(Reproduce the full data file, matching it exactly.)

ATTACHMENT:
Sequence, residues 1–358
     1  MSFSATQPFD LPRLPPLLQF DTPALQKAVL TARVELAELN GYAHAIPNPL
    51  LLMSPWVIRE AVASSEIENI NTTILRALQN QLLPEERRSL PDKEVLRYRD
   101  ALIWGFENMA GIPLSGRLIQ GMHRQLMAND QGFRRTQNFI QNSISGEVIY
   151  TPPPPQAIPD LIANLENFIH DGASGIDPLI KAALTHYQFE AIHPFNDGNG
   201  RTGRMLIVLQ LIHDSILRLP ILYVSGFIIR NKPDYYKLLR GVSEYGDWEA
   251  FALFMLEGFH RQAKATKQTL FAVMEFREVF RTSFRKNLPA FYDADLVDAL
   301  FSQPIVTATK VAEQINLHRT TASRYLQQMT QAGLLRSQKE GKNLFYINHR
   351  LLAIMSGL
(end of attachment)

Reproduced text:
Sequence, residues 1–358
     1  MSFSATQPFD LPRLPPLLQF DTPALQKAVL TARVELAELN GYAHAIPNPL
    51  LLMSPWVIRE AVASSEIENI NTTILRALQN QLLPEERRSL PDKEVLRYRD
   101  ALIWGFENMA GIPLSGRLIQ GMHRQLMAND QGFRRTQNFI QNSISGEVIY
   151  TPPPPQAIPD LIANLENFIH DGASGIDPLI KAALTHYQFE AIHPFNDGNG
   201  RTGRMLIVLQ LIHDSILRLP ILYVSGFIIR NKPDYYKLLR GVSEYGDWEA
   251  FALFMLEGFH RQAKATKQTL FAVMEFREVF RTSFRKNLPA FYDADLVDAL
   301  FSQPIVTATK VAEQINLHRT TASRYLQQMT QAGLLRSQKE GKNLFYINHR
   351  LLAIMSGL